Survey of a Route From Um Selim to Sikait.
1900 (dated) 9 x 13.75 in (22.86 x 34.925 cm)
1 : 316800
This is a 1900 Donald A. MacAlister route map from Um Selim to the Sikait District in Egypt. Incredibly detailed, MacAlister notes numerous waypoints in his party's trek from Um Selim to Jebel Sikait along several wâdis. Different rock formations are noted along the trek, including metamorphic and granite formations. A cross section of Jebel Sikait is included below the route map, along with an inset map of the wâdis in the region.
The Expedition and the Emerald MinesEquipped by Edwin Streeter of Streeter and Company, a London-based jeweler, MacAlister and his party were charged with investigating 'the so-called 'Cleopatra's Emerald Mines'.' Known since the time pf the Ptolemaic Egyptians, these mines had been exploited by both the Egyptians and later by the Romans. They were 'rediscovered' by Frederic Cailliaud in 1817 but had unsuccessfully been exploited over the next century by various different commercial ventures. By 1899, Edwin Streeter held a concession to work the mines, leading to the outfitting of MacAlister's party. Sikait is located only 15 miles from the Red Sea 'as the crow flies' per MacAlister.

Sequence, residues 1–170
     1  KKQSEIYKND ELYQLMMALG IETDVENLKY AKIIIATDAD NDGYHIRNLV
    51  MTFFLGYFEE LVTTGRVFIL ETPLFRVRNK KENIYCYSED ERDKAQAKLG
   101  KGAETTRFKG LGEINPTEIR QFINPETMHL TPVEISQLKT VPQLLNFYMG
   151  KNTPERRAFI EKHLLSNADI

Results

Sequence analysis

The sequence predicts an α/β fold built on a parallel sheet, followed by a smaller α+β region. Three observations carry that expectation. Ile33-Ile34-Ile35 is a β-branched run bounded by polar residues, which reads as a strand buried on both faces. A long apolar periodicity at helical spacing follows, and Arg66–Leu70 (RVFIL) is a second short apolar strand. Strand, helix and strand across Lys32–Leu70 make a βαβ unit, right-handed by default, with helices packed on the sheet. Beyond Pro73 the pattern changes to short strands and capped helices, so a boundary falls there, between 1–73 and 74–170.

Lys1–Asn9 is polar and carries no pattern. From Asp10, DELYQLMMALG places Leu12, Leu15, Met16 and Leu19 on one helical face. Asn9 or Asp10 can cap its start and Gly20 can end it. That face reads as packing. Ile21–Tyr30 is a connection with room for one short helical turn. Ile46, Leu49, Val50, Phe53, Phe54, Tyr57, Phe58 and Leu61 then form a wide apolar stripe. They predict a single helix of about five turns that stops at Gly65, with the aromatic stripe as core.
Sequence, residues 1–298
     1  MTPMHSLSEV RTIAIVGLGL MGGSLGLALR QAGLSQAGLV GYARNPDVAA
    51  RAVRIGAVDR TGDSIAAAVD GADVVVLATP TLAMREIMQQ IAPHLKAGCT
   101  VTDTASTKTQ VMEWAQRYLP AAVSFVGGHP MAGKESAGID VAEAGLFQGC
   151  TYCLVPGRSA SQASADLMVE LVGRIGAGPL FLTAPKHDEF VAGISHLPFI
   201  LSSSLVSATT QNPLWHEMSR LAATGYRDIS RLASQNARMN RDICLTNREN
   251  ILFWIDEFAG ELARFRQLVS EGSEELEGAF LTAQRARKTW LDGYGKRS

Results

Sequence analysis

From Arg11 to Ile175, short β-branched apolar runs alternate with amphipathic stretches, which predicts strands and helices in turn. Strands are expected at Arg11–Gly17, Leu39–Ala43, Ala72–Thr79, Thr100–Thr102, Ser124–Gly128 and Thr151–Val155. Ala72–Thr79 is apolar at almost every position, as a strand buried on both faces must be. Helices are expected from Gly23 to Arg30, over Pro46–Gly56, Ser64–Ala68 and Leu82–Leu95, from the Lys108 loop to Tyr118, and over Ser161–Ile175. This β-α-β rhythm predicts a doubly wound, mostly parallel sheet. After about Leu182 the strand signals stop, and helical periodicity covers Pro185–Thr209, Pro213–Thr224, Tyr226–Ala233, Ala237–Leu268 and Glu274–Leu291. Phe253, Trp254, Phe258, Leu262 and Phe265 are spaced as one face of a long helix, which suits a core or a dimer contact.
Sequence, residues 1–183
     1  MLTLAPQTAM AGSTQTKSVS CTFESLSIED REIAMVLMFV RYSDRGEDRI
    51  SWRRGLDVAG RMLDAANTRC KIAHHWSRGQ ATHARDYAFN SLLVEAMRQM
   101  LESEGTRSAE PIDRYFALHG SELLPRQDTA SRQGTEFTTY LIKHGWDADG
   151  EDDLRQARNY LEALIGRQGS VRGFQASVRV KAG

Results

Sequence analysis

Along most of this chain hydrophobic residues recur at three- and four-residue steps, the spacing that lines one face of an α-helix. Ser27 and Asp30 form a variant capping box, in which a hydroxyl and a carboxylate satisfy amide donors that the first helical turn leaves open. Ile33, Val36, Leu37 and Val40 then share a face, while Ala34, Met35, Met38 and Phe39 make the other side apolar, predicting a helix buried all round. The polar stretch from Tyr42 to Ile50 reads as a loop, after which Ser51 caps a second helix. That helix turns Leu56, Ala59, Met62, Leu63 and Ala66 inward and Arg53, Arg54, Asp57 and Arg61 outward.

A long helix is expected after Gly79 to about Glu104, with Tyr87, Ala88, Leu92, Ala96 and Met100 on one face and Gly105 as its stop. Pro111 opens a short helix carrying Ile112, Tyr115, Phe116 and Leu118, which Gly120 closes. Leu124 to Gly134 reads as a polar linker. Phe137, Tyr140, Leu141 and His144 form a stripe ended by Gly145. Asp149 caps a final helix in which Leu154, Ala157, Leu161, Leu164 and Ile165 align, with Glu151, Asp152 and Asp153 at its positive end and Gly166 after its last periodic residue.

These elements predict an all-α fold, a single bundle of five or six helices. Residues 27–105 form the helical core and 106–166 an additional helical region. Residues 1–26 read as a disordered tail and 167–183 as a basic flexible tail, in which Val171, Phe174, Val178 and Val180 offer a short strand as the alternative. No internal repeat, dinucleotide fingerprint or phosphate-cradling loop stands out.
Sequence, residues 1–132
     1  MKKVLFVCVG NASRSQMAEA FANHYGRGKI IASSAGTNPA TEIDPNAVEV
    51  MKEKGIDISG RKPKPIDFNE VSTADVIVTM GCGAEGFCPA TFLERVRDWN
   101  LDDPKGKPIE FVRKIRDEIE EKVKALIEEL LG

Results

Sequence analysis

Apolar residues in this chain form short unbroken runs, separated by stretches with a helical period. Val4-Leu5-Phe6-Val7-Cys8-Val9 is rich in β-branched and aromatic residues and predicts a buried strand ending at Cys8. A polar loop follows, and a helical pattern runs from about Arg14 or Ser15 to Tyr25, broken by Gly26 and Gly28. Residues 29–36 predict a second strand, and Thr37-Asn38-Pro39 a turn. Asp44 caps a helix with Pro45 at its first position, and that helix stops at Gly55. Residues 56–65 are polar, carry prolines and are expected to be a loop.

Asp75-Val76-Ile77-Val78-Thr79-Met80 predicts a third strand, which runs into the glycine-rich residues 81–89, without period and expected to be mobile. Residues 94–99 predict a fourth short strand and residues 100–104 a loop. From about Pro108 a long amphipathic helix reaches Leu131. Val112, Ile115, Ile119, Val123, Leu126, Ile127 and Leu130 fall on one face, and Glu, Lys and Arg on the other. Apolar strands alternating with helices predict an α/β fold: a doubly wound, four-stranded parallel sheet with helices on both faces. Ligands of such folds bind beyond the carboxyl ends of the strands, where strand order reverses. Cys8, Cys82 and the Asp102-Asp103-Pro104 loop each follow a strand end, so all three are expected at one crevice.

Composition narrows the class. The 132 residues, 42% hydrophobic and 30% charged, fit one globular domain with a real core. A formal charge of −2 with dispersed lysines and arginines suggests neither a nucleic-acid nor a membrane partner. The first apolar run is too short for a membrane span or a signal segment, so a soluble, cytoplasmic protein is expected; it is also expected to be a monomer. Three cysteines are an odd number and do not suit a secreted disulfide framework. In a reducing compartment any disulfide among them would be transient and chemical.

This map was drawn by Donald A. MacAlister and published in the Geographical Journal by the Royal Geographical Society in 1900.
Royal Geographical Society (fl. 1830 - present) is a British Society established in 1830 to promote geographical science and exploration. Originally titled the "Geographical Society of London", the RGS received its royal charter from Queen Victoria in 1859 shortly after absorbing several similar but more regional societies including the African Association, the Raleigh Club and the Palestine Association. The RGS sponsored many of the most important and exciting voyages of exploration ever undertaken, including the exploration of Charles Darwin, David Livingstone, Robert Falcon Scott, Richard F. Burton, John Speke, George Hayward, H. M Stanley, Ernest Shackleton and Sir Edmond Hillary. Today, the RGS remains a leading global sponsor of geographical and scientific studies. The Society is based in Lowther Lodge, South Kensington, London.
The Geographical Journal Vol. XVI, No. 5, November 1900.
Very good. Even overall toning. Slight wear along original fold lines. Blank on verso.